Labor Day is one of my favorite holidays. It’s three days long, requires no gifts, cards or special decorations, the weather is usually decent, and it comes with big sales and lots of food. What more could you ask?
The trick is to lessen the amount of labor in the kitchen. Here’s a few recipes that get me through the long weekend. Most are old favorites, tried and true. A few of the salads will feed an army or, at least, fill a large mixing bowl.
This is one of my favorite noodle salads. It’s great for this time of the year, when you have extra garden cucumbers on hand. The recipe was given to me by a dear friend, who attended a cooking class years ago. Refrigerate any leftover ’cause it just gets better every day. Warning: HIghly addictive!!
I included the recipe in my cookbook, Christmas at the Mansion, because its wonderful colors and light, tangy dressing make it suitable all year round.
Slaw and barbecue are old friends on the picnic circuit. I lean towards a cabbage-carrot combo with a vinaigrette topping rather than the heavier mayo dressed version. Over the years, I’ve made a slew of slaws, but I’ve finally settled on this one.
Just looking at this photo makes me want to run into the kitchen and start chopping vegetables. (There’s also apples, dried cranberries and nuts to liven up this snappy salad.) The dressing is a mayo/yogurt blend with lemon juice and honey.
Years ago my friend, Ethel, and I attended a wedding reception, where this Tuna Noodle Salad was served. We loved the hearty mixture of noodles, veggies, tuna and cheese and asked for the recipe. After that, we made it many times, always referring to the dish as John’s Wedding Salad.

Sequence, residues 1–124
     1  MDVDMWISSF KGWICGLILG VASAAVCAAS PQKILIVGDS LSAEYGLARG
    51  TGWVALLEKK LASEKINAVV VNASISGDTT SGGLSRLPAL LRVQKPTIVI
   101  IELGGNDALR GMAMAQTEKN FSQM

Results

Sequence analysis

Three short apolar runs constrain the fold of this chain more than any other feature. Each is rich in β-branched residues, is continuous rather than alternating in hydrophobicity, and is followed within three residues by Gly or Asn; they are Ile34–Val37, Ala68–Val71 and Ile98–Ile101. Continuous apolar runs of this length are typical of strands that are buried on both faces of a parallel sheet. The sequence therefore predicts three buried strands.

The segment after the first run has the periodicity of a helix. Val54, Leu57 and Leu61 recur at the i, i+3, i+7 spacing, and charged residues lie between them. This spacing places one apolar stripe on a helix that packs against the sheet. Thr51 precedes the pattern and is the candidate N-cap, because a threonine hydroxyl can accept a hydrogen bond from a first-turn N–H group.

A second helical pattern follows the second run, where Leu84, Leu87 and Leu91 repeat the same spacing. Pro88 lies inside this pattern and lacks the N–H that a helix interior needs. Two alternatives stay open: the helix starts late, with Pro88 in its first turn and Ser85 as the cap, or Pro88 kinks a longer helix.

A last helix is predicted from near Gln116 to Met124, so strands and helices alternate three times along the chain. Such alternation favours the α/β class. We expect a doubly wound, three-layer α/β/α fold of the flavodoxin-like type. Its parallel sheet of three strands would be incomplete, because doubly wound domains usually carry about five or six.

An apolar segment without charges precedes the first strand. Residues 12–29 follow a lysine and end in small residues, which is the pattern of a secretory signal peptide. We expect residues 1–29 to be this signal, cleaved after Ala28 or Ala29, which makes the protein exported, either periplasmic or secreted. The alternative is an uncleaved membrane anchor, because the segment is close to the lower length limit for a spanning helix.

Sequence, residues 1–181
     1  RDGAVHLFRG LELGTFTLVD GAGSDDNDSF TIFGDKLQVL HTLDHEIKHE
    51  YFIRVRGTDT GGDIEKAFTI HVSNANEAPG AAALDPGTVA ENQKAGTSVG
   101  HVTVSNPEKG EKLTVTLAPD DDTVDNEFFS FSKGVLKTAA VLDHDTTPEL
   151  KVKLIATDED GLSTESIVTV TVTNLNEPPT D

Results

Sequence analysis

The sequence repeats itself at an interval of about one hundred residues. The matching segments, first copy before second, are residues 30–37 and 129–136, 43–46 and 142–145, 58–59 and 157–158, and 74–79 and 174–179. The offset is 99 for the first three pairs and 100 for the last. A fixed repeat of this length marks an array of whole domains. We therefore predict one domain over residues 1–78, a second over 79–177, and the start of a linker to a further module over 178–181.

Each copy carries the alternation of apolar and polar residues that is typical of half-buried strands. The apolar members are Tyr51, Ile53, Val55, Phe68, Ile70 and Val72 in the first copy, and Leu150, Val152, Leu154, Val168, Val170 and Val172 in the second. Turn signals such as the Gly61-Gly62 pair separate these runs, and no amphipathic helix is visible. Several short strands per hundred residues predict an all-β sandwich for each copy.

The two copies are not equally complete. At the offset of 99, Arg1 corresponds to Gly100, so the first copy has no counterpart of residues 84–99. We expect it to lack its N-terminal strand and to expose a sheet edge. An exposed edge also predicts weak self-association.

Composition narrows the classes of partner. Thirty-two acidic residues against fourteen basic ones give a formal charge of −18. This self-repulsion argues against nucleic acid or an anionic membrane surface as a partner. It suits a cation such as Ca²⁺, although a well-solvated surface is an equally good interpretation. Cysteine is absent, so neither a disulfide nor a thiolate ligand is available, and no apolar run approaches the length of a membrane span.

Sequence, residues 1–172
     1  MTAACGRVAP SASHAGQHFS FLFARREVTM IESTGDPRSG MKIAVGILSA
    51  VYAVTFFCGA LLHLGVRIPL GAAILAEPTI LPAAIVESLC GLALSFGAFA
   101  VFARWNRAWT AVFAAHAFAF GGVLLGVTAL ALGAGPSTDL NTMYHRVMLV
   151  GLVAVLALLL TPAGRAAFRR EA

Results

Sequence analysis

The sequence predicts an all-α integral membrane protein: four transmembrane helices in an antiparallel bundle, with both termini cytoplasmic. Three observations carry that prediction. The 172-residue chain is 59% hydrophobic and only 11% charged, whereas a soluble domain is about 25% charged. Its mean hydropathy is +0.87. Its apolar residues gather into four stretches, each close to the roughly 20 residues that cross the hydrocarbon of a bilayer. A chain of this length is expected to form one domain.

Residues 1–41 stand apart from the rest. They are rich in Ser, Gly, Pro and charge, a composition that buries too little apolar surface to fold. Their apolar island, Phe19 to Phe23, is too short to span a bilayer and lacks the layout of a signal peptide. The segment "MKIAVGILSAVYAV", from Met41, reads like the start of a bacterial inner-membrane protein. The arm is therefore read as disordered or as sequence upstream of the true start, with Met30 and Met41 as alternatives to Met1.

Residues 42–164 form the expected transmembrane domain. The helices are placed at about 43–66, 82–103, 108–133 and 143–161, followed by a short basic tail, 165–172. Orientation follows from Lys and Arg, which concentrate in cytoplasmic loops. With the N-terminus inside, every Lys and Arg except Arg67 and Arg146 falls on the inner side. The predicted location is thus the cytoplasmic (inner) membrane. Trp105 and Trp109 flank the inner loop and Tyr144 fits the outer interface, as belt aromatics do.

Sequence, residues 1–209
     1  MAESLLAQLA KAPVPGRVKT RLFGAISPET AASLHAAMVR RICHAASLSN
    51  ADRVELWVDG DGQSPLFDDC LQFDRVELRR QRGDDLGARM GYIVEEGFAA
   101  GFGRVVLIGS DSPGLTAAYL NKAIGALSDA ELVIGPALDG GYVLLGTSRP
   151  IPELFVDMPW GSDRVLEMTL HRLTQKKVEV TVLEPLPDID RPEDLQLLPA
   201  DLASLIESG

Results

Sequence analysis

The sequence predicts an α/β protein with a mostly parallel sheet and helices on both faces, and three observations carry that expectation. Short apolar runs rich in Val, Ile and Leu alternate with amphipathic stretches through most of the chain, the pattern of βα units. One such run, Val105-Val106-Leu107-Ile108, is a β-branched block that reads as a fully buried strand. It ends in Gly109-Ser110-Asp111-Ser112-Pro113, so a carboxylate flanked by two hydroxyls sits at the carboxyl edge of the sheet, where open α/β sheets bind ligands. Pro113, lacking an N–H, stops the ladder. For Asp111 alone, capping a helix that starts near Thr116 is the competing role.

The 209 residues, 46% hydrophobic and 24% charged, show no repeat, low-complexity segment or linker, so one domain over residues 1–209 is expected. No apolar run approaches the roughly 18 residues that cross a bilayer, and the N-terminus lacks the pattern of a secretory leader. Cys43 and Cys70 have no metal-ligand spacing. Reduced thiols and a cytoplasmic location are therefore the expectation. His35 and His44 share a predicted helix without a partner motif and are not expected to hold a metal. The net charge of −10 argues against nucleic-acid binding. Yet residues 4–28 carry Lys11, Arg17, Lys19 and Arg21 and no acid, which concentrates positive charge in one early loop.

The marriage didn’t last, but the salad has been a keeper. It’s a flexible salad, that you can add more or less of the ingredients as you prefer. This is a dish that you’ll dip into every time you open the refrigerator door.
This has got to be the easiest, prettiest, and most beloved of summer salads. The dish is on nearly every restaurant menu I’ve seen recently. During post-COVID days, I’ve served it each time I entertained at the farm during the summer.
Start with some wonderful garden fresh tomatoes—any color or shape. Then turn the whole thing over to the kids or the guys—as I often do—to design a pretty platter with the slices of tomato, buffalo mozzarella cheese, and fresh basil leaves. They’ll surprise you at how seriously they take the task. This is a simple, but striking centerpiece for any event.
This tangy German Potato Salad gets a warm vinaigrette. No need to worry about it sitting out too long—there’s no mayo.
I include this salad every year in our Thanksgiving buffet at the farm. One year I left it out and my niece fussed at me about the omission. You’d thought I’d forgotten the mashed potatoes, for heaven’s sake! The following year I misplaced the recipe and subbed a different one. She noticed. By the next Thanksgiving, I’d found the recipe! Ahh. . . at last, a happy family gathering. 😉
Chickpea Edmame Salad
Oh, so much goodness in one bowl: corn, green onions, edamame, garbanzo beans, red peppers, and plum tomatoes all lightly marinating in a dressing of lime juice, olive oil, honey, and cumin. This make ahead salad is a healthy, hearty addition to any summer gathering.